Autonomous cars are a hot play on Wall Street these days, with big names like Tesla Motors, supplier Mobileye, and Google parent Alphabet getting top billing. However, the supply chain for autonomous cars is arguably more diverse than the supply chain for traditional cars as we’re dealing with many more high-tech components.
Diversity in the autonomous cars supply chain
Hundreds of companies and thousands of different products are part of the supply chain as it takes some extremely niche expertise to build autonomous cars. Research firm Vision Systems Intelligence shared the below infographic with ValueWalk which shows that the chain is made up of companies ranging from major technology heavyweights through new startups, in addition to traditional automakers and their suppliers.
“No one company owns all the expertise necessary to build an autonomous vehicle,” explained Vision Systems Intelligence Founder and Principal Phil Magney. “From low-level component suppliers to modules or systems, each domain is a highly complex field in itself. Building an autonomous vehicle requires so many disciplines that most companies have no choice but to source IP from numerous players.”
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Companies position themselves for the autonomous cars market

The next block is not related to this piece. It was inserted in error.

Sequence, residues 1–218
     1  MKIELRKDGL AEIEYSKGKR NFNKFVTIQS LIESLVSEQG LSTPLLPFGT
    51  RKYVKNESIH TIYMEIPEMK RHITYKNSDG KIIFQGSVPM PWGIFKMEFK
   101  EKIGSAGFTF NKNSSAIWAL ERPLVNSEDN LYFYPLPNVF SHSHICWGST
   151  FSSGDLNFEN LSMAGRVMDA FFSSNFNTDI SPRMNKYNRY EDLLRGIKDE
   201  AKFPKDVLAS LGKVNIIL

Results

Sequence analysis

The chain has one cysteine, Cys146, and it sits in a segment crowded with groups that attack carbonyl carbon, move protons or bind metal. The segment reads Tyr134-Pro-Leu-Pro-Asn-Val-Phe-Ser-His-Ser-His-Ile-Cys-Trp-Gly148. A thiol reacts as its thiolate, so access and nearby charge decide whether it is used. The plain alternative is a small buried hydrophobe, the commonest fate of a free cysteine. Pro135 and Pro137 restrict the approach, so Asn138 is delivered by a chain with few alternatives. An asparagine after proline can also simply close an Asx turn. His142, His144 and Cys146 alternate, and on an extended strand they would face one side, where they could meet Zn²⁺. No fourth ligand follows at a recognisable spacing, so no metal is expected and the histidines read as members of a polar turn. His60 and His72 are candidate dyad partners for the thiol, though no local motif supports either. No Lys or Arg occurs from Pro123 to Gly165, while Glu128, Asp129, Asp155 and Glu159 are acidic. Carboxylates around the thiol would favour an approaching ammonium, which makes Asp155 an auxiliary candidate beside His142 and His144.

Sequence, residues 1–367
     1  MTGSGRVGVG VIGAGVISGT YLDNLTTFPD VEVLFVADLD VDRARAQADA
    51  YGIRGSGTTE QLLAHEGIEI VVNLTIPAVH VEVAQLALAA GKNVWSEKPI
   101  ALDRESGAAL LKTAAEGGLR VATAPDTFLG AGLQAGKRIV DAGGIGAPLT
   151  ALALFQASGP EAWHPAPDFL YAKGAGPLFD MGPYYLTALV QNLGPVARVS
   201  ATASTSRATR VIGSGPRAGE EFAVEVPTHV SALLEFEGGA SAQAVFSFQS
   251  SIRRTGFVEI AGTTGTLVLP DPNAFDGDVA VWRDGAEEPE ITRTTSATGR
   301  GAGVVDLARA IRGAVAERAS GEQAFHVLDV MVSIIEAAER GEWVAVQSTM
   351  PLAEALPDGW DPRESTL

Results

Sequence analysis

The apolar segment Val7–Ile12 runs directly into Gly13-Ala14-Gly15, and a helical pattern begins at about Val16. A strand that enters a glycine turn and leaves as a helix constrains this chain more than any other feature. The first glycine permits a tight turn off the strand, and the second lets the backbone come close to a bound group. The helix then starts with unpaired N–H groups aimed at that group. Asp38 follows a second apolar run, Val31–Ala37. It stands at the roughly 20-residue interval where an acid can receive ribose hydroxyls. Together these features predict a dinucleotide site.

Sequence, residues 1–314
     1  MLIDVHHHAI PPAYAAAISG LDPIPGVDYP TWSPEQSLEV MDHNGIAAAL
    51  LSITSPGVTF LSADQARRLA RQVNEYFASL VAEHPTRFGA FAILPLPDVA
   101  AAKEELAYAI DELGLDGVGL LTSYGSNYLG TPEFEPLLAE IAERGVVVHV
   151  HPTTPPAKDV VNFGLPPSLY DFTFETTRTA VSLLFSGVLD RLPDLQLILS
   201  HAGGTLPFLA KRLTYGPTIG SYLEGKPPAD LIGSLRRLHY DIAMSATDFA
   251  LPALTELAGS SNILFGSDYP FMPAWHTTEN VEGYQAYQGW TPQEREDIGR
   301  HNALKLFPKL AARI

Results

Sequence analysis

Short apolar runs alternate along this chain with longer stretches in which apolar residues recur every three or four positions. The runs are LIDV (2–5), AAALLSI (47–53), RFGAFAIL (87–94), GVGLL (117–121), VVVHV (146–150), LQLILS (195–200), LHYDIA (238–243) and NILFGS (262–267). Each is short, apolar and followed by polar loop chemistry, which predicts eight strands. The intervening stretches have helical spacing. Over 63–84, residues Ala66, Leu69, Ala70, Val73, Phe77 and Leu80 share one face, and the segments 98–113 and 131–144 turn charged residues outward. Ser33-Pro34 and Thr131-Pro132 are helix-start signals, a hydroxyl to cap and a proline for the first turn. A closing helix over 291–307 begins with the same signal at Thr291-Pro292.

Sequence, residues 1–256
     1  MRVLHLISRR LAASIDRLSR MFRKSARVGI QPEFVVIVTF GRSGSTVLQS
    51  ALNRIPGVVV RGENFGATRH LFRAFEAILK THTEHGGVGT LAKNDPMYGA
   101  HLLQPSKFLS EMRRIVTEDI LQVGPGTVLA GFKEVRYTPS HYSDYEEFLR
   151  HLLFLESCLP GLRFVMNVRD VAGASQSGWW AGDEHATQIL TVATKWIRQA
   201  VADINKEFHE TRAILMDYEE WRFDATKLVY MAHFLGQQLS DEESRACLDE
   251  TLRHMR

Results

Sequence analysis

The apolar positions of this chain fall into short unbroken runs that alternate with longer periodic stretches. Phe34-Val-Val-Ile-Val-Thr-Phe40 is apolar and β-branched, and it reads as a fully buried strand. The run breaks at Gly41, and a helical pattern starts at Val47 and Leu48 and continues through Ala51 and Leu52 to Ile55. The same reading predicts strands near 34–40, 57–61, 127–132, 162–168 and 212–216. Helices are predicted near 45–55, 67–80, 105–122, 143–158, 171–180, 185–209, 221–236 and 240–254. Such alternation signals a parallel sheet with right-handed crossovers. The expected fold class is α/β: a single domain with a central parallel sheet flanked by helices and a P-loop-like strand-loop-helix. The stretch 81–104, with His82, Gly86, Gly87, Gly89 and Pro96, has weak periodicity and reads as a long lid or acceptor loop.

Magney noted that there’s been a lot of mergers and acquisitions within the market as companies look at their portfolios for the purpose of best positioning themselves for the future. For example, he explained that in some cases, technology that was once targeted at advanced driver assistance systems (ADAS), is now being targeted at solutions for autonomous cars, particularly at the Tier 1 supplier level.
However, he added that it’s a “huge leap” to move from Level 1 applications to Level 3 or 4 because Tier 1 suppliers are uniquly positioned within the supply chain “because they represent the mechatronics side of automation where the mechanical world meets the digital world.” His firm pegs the number of companies involved in manufacturing autonomous cars at more than 600, but researchers included about 125 of them in their infographic because they’re considered to be “leaders in their space for the clarity in their value proposition, diversity of product, or market presence.”